Posts by marc stier

This is Not Normal

It is hard to look at politics in America without being afraid for our future. Everywhere we look, we see extremist movements that reject common standards of argument and evidence that are willing to say anything to advance their cause and that will not compromise even at the cost of creating a public disaster. 

On HB/SB 76 — Property Tax Elimination in PA

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As we point out in our previous post, some people believe that the constitutional amendment on the ballot in November would make it easier to enact some version of the property tax elimination proposal, HB /SB 76. We are not sure that this is true. But if it were true, we would certainly oppose the constitutional amendment because HB / SB 76 is possibly the worst policy proposal we’ve ever encountered. 

On Joint Resolution 1, the Constitutional Amendment on Property Taxes

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We are getting a lot of questions about what the constitutional amendment on the ballot this year means and where the Pennsylvania Budget and Policy Center stands on it.

We haven’t rushed to judgment on it for a couple of reasons. First, we are not convinced that this amendment will, by itself, have much impact on policy in the state. And second, given that any amendment to the Constitution is important, we wanted to make sure we understood all the implications of it before reaching a conclusion.

In Truth, The PA Budget Is Still Not Done

A quick take

If the governor signs the tax and fiscal code bills passed this week, or allows them to become law, a funding plan for the Pennsylvania Budget for 2017-2018 that technically allows for a balanced budget will be complete. But the work of the General Assembly is not finished because this funding plan not only fails to address the long-term budget problems faced by the state, it deepens those problems. The result will be that the fiscal year beginning in July 2018 will be in deficit and that, unless the state changes direction, those deficits will no doubt increase in subsequent years. (Click the title for more)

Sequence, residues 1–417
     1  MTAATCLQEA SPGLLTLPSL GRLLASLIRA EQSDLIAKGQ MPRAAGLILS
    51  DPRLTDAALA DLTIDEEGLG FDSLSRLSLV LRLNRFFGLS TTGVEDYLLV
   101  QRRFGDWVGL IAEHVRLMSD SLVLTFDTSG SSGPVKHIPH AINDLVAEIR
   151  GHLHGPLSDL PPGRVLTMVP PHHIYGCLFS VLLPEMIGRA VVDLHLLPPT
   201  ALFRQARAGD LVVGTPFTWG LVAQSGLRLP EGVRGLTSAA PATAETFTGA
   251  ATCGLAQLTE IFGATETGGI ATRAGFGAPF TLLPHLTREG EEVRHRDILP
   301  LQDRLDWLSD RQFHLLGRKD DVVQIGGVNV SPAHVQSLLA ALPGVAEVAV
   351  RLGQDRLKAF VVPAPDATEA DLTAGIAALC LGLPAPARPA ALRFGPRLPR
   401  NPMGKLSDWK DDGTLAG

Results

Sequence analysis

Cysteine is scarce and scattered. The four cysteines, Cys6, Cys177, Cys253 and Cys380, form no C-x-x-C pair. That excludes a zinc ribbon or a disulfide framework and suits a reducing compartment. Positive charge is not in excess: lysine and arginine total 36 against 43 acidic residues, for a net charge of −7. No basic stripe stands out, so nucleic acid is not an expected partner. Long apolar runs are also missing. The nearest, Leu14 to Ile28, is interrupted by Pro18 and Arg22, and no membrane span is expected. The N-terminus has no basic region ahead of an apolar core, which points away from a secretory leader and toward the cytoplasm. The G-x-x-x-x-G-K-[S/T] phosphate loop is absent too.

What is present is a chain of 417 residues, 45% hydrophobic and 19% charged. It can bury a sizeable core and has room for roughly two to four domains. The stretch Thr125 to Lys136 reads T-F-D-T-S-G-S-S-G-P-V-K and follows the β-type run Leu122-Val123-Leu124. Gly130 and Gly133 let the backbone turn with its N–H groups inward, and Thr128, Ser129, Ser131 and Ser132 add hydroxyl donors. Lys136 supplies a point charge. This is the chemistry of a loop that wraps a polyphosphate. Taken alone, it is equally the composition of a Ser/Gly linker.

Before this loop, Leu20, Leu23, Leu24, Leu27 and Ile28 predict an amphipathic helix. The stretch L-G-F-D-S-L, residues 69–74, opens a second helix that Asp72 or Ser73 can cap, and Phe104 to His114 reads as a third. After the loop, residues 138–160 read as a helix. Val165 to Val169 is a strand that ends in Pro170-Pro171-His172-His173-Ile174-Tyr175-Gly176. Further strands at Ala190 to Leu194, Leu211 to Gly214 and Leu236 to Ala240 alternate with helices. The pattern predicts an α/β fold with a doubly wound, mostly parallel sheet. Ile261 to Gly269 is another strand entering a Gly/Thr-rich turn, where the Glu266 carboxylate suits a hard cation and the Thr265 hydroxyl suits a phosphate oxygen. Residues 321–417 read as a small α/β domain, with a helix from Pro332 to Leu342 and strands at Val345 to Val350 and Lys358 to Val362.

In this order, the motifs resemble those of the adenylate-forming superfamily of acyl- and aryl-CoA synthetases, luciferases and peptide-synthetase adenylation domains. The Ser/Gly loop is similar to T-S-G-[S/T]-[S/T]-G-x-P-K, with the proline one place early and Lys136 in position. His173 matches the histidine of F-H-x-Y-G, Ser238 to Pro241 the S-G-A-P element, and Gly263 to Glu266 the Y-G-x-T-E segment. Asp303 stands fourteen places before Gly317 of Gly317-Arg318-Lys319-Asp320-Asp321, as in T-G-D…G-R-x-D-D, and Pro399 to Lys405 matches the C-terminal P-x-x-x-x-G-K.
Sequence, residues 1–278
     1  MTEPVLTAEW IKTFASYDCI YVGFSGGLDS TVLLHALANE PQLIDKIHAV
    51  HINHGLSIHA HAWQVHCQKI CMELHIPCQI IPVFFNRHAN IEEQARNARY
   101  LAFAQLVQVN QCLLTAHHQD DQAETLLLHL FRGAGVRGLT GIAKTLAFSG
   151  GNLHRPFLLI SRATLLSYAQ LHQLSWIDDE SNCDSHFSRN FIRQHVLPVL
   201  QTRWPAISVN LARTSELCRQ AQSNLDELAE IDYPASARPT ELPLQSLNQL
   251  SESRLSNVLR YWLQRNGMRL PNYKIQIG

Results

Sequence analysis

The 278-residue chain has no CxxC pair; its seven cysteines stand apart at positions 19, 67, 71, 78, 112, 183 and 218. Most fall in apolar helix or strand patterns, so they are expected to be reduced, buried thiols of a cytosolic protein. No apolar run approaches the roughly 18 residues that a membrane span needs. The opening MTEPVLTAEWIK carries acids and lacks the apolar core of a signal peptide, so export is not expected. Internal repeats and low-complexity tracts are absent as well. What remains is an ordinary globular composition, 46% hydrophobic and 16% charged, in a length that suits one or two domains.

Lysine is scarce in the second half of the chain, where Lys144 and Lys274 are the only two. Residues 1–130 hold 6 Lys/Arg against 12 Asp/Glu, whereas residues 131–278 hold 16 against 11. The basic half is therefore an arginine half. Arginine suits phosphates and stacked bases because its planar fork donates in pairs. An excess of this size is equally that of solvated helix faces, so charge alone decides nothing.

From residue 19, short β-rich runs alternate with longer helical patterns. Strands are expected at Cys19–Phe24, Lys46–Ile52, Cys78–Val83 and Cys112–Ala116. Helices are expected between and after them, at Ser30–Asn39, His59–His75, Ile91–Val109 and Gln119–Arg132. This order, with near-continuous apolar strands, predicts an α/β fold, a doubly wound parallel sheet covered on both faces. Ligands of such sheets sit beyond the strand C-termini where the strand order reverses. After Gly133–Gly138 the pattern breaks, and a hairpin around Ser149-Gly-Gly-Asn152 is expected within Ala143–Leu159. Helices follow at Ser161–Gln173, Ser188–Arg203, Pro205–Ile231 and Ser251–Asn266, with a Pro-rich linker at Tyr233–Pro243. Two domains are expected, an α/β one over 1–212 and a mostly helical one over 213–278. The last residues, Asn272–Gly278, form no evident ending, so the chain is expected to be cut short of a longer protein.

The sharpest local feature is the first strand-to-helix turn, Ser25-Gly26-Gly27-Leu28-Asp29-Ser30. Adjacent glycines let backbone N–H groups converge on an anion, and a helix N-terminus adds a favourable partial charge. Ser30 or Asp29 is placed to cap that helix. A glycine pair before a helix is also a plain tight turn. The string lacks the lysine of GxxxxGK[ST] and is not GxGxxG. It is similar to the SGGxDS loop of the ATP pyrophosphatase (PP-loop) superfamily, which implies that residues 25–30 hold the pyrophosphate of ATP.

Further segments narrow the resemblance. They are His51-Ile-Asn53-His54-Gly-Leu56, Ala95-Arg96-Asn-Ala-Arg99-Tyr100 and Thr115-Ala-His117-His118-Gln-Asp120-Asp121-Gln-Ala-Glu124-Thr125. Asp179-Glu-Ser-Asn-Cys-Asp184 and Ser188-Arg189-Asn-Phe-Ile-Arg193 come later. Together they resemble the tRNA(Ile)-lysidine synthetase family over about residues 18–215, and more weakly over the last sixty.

STATEMENT: On Shale Tax and Cancelled House Session

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Marc Stier, Director of the Pennsylvania Budget and Policy Center, released the following statement on the decision by the House to cancel session days on October 23, 24, and 25:

"We at the Pennsylvania Budget and Policy Center generally don't comment on when the House chooses to be in session. But the decision by Speaker Mike Turzai and Majority Leader Dave Reed to cancel voting sessions next week—on October 23, 24, and 25—and to do so the day after the House Finance Committee approved a shale tax bill on a bi-partisan basis reeks of both chicanery and desperation.

STATEMENT: On State House Revenue Plan

Update noon, October 18: There is talk around the capitol that a shale tax will come out of the House Finance Committee today and coming to a vote on the House floor later this week. This legislation must be part of the budget this year. It is the difference between a budget that takes a step forward to address our long term budget problems and one that makes those problems worse.

STATEMENT: On President Trump's ACA-Killing Actions

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Marc Stier, Director of the PA Budget and Policy Center, made the following statement in response to President Trump's recent announcements of actions that affect the Affordable Care Act:

"President Trump’s actions in the last two days put the health insurance of over 400,000 Pennsylvanians at risk. It will lead to an increase in health insurance premiums in the marketplaces of over 20%.

STATEMENT: On the Governor's Plan to Securitize PLCB Profits

Marc Stier, Director of the PA Budget and Policy Center, made the following statement after the release of the Governor's plan to securitize PLCB profits.

GOP-Trump Tax Plan: A Windfall for Top 1% of Pennsylvania, a Tax Increase for Many Middle Class Pennsylvanians

A 50-state analysis of the GOP tax framework reveals that in Pennsylvania, the top 1 percent of taxpayers would receive a substantial tax cut worth $67,970 while many upper middle class Pennsylvanians would face a tax increase. This plan is bad for Pennsylvania and our country.

No time for giving up

It appears that members of the General Assembly are moving towards a final plan for funding the budget they passed in June. We share the sense of relief that is gradually emanating from the Capitol—we, too, are tired of talking about the budget. But we also know that the urge to get something done can sometimes overcome the urge to get it done right. So now is the time for members to demand that this budget not just be finished but be finished right. That means two things.